BG Group PLC v. Republic of Argentina, No. 12–138, 572 U.S. ____ (2014) [click for opinion]

Petitioner brought a successful claim for arbitration under the bilateral investment treaty between the United Kingdom and the Republic of Argentina (the "BIT"), and sought to confirm the award in the federal district court for the District of Columbia.  Respondent sought to set aside the award on the ground that the arbitration tribunal lacked jurisdiction.  The district court confirmed the award but the Court of Appeals reversed, holding that the question of jurisdiction should be viewed de novo, and that Petitioner had not met jurisdictional preconditions necessary to form a valid arbitration agreement.  Petitioner appealed to the Supreme Court, which reversed the Court of Appeals and confirmed the arbitration award.

The BIT in this case authorizes an investor of one party to submit any dispute with the other party to the local courts of that party.  Furthermore, the BIT allows that investor to bring the dispute to international arbitration 18 months after the claim is brought to the local courts, or after those courts make a final decision.  Respondent argued that the Petitioner had never submitted the dispute to its local courts and that, therefore, it had not consented to arbitration of that dispute.  Petitioner admitted that it had not brought its case to the local courts, but argued this was only due to laws enacted by Respondent that had hindered its right to bring such a case.  The arbitrators found that, under the circumstances, the Petitioner did not need to meet the local court litigation requirement to bring an arbitration to local courts before arbitration.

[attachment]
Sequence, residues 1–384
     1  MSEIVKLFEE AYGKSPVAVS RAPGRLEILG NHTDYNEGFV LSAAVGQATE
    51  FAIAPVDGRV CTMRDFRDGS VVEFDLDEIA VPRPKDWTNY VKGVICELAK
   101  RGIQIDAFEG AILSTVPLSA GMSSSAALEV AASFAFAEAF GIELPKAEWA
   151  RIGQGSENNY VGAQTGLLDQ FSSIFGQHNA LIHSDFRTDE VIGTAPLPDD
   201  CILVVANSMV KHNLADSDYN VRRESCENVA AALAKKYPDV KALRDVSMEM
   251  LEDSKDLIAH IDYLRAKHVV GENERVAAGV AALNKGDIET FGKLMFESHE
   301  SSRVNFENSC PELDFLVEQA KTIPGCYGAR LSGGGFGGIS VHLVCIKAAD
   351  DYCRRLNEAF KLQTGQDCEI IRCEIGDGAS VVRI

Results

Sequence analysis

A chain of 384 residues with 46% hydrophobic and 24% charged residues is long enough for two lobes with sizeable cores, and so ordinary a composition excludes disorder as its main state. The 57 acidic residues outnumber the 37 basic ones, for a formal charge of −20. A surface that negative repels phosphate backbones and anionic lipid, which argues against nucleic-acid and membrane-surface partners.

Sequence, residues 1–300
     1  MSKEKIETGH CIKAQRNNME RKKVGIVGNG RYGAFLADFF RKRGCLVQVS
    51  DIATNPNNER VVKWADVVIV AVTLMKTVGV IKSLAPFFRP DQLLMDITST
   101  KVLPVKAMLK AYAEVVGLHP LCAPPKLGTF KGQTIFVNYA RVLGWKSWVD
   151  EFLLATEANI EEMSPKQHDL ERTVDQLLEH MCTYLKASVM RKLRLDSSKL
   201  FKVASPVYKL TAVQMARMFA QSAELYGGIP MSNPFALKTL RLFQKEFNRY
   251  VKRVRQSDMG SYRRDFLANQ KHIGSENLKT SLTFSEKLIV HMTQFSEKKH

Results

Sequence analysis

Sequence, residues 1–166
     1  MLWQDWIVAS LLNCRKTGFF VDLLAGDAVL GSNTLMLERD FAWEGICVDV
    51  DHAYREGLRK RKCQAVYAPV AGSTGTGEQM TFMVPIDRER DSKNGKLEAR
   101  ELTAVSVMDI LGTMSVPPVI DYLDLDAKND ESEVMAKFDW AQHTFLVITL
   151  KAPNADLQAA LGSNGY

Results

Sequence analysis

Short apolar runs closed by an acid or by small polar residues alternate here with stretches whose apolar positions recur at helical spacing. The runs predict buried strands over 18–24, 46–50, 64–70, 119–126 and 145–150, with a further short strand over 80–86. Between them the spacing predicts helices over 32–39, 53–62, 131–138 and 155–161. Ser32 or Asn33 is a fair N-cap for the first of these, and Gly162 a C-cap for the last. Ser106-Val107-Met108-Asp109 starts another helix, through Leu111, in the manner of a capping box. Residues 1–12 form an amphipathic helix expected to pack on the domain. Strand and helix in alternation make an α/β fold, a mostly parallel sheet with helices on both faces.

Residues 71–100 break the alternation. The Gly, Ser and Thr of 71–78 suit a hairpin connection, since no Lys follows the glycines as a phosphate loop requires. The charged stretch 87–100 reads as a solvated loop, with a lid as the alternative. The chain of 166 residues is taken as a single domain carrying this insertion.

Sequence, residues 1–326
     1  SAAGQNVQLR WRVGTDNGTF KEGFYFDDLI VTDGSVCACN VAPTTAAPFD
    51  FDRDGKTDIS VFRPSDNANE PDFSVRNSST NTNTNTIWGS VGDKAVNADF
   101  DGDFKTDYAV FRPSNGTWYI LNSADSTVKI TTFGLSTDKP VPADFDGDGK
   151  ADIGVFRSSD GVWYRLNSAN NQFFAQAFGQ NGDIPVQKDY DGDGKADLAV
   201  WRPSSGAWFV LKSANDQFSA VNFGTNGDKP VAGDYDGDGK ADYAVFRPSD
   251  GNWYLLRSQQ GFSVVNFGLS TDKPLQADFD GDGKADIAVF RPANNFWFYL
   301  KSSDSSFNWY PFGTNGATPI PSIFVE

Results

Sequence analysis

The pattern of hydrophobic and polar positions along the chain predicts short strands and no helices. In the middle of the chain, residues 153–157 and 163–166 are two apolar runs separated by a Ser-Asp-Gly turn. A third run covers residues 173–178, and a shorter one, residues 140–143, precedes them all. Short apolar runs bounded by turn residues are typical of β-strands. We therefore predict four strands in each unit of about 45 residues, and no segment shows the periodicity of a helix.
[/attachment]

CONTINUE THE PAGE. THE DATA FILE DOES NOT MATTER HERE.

The Supreme Court first addressed the question whether the local court litigation requirement was a condition precedent to arbitration in an already-binding arbitration agreement, or whether it was a substantive condition on Argentina's consent to arbitration -- i.e. that no valid arbitration agreement existed until the provision had been fulfilled.  In the former situation, the question of whether the precondition had been met was a question of procedure, and the arbitration tribunal's finding on that point would be reviewed with considerable deference.  In the latter situation, whether the precondition was met was a question of jurisdiction, to be reviewed de novo by the courts.

The Supreme Court held that in this case the local court litigation requirement was a "purely procedural requirement" to commencing arbitration contained in a valid arbitration agreement and therefore gave deference to the tribunal's finding that it had jurisdiction, notwithstanding the fact that Petitioner had not met that requirement.  The Court then addressed that finding and held that the tribunal did not "stray from interpretation and application " of the underlying arbitration agreement or otherwise "effectively dispense [its] own brand of . . . justice" and therefore there was no basis to ignore its determination that it had jurisdiction.  It consequently reversed the Court of Appeals decision to set aside the award based on the fact that the tribunal did not have jurisdiction.

Chief Justice Roberts and Justice Kennedy dissented, arguing that the local court litigation requirement was a condition precedent to the formation of the arbitration agreement and that because the condition had not been met, the arbitration tribunal had no jurisdiction over the dispute, and therefore their award should be set aside.